November 16, 2006
By Dafna Linzer and Walter Pincus, Washington Post Staff Writers
Al-Qaeda's influence and numbers are rapidly growing in Afghanistan, with fighters operating from new havens and mimicking techniques learned on the Iraqi battlefield for use against U.S. and allied troops, the directors of the CIA and defense intelligence told Congress yesterday.
Five years after the United States drove al-Qaeda and the Taliban from Afghanistan, Gen. Michael V. Hayden, director of the CIA, told the Senate Armed Services Committee that both groups are back, waging a "bloody insurgency" in the south and east of the country. U.S. support for the Kabul government of Hamid Karzai will be needed for "at least a decade" to ensure that the country does not fall again, he said.
At yesterday's Senate hearings, devoted mostly to Iraq, Hayden and Lt. Gen. Michael D. Maples, director of the Pentagon's Defense Intelligence Agency, painted a stark portrait of a struggling Afghanistan and a successful al-Qaeda capable of operating on two battlefields.
"The direct tissue between Iraq and Afghanistan is al-Qaeda," said Hayden, who visited both countries recently. "The lessons learned in Iraq are being applied to Afghanistan."
Senators noted the increased use of roadside bombs and the relatively new phenomenon of suicide attacks, which had not been seen in Afghanistan before the Iraq war.
Hayden told the Senate panel that the Taliban, aided by al-Qaeda, "has built momentum this year" in Afghanistan and that "the level of violence associated with the insurgency has increased significantly." He also noted that Karzai's government "is nowhere to be seen" in many rural areas where a lack of security is affecting millions of Afghans for whom the quality of life has not advanced since the U.S. military arrived in October 2001.
Maples said the insurgency "had strengthened its capabilities and influence" with its base among Pashtun communities in the south, as violence this year has almost doubled since 2005. U.S. troop levels in Afghanistan began dropping earlier this year as NATO arrived to take over the bulk of the fighting. Meanwhile, U.S. Special Forces continue to search for al-Qaeda bases in Afghan-Pakistani border areas.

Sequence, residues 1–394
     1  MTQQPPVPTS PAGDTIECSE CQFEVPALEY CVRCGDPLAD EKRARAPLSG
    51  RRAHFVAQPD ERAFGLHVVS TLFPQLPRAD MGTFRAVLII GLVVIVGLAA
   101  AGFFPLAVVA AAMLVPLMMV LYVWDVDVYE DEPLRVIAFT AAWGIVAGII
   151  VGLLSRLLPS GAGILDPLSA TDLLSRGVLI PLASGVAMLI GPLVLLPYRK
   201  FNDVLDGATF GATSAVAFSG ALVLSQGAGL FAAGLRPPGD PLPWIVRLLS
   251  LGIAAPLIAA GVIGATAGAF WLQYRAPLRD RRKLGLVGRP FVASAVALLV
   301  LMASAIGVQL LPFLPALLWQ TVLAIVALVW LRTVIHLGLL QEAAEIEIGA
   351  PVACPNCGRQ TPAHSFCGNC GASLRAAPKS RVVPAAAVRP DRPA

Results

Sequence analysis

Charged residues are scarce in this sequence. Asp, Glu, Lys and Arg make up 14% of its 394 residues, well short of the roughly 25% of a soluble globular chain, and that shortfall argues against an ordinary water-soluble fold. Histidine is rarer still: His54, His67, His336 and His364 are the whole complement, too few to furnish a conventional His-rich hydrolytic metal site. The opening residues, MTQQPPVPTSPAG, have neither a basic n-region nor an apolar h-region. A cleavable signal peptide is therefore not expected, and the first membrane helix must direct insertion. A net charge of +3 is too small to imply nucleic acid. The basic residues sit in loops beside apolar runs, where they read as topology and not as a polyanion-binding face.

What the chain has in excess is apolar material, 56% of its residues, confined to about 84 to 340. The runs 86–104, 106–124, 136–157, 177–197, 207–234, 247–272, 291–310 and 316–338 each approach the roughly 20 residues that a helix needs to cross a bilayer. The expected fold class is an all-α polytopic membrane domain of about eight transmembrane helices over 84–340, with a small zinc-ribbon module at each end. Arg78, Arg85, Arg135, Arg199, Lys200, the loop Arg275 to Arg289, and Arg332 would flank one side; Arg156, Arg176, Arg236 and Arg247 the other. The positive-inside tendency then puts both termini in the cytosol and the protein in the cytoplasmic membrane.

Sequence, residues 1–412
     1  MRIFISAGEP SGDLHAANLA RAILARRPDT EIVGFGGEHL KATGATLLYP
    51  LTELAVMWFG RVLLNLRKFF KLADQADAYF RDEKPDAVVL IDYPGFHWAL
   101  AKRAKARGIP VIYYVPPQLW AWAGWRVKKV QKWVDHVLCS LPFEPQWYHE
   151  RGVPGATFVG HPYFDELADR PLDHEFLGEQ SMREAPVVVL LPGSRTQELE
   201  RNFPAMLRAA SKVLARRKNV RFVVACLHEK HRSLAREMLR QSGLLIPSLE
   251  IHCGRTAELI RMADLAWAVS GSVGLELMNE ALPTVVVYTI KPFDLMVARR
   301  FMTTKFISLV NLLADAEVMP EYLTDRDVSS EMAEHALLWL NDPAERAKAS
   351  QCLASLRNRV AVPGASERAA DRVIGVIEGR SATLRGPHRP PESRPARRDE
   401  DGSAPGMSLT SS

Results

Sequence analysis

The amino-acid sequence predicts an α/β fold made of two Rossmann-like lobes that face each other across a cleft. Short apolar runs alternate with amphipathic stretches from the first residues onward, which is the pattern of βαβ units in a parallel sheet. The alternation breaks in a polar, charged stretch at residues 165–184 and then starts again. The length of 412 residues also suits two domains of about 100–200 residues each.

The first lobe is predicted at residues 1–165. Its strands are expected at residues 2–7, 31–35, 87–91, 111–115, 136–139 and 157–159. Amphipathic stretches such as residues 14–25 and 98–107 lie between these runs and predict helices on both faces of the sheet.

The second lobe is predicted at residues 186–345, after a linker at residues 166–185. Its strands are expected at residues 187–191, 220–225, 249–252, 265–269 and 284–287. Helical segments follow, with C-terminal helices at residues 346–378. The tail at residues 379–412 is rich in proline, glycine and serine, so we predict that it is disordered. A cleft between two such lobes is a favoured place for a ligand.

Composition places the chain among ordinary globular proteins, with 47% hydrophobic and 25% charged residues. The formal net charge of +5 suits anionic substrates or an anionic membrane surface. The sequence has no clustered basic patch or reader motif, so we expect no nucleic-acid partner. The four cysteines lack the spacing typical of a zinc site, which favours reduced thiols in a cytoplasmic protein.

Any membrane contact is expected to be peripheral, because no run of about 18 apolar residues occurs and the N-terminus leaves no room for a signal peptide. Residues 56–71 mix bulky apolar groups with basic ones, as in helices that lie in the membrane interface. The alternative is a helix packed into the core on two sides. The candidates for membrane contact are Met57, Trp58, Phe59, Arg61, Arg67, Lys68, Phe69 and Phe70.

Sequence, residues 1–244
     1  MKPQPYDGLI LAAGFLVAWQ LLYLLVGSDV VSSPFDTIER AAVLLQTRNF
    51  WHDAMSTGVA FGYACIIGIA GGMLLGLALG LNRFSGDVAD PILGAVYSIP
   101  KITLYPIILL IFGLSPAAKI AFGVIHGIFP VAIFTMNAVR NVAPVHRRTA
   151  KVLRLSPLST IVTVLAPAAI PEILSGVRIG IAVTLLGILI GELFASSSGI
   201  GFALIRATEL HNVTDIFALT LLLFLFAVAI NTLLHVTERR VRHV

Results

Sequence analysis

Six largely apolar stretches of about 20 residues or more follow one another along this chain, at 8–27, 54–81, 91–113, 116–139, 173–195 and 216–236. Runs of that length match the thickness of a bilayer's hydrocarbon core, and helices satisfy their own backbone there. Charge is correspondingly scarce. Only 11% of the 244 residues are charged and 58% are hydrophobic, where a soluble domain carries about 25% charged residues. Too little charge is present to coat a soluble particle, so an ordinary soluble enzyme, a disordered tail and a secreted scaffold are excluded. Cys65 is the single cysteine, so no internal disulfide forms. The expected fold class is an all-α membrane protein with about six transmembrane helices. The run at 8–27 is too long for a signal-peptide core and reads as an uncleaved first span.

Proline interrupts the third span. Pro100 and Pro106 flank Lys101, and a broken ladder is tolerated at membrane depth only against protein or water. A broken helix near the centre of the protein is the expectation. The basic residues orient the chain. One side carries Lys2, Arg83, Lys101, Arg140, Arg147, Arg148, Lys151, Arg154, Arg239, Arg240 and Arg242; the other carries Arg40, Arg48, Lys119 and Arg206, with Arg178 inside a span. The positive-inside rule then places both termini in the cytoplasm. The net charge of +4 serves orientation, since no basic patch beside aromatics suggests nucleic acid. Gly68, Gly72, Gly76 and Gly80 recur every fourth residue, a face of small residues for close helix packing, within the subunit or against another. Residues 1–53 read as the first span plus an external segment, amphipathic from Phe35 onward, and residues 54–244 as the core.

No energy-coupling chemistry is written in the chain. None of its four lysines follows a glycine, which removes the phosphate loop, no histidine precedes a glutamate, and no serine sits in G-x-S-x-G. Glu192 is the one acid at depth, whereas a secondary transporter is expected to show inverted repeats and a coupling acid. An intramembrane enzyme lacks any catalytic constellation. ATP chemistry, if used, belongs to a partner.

The CIA director said that region has become a new "physical safe haven" that al-Qaeda uses as a "jump-off point for its guerrilla forays into Afghanistan."
Bush administration officials have repeatedly said that the battle against al-Qaeda has led to the death or capture of more than half of Osama bin Laden's top people.
Hayden said yesterday that "the group's cadre of seasoned, committed leaders" remains fairly cohesive and focused on strategic objectives, "despite having lost a number of veterans over the years." Bin Laden himself, and his deputy Ayman al-Zawahiri, continue to play a crucial role while hiding out somewhere along the Afghan-Pakistani border.
Hayden said the organization had lost a series of leaders since the Sept. 11, 2001, attacks. But the losses have been "mitigated by what is, frankly, a pretty deep bench of low-ranking personnel capable of stepping up to assume leadership positions." Hayden said the lower ranks are dominated by men in their early 40s with two decades of experience fighting.
The two intelligence chiefs said that al-Qaeda, through propaganda and attacks, has been increasingly successful in defining Afghanistan and Iraq as critical battlegrounds against the West.
"We have radical groups like al-Qaeda and its affiliates sponsoring terrorists, insurgents in Iraq, Afghanistan and elsewhere that seem to be able to preempt governments and eclipse the moderate actors in the region. There remains in Iraq today a broad and vicious al-Qaeda offensive targeting us and innocent Iraqis," the CIA director said.
In Iraq, Maples said, al-Qaeda accounts for a fraction of the daily attacks. "Yet the high-profile nature of these operations have a disproportionate impact on the population and on perceptions of stability," he said. The death earlier this year of Abu Musab al-Zarqawi, the leader of al-Qaeda in Iraq, did not stop what Hayden described as an "al-Qaeda campaign of almost satanic terror" in that country.
In Iraq, Maples said, al-Qaeda has managed to "capitalize on the current cycle of sectarian violence, by creating the perception that its attacks are designed to aid and defend the country's Sunni minority."
Both men said a U.S. military failure in Iraq would effectively turn the country into al-Qaeda's next haven, providing the group with the kind of security it had in Afghanistan for years before 2001.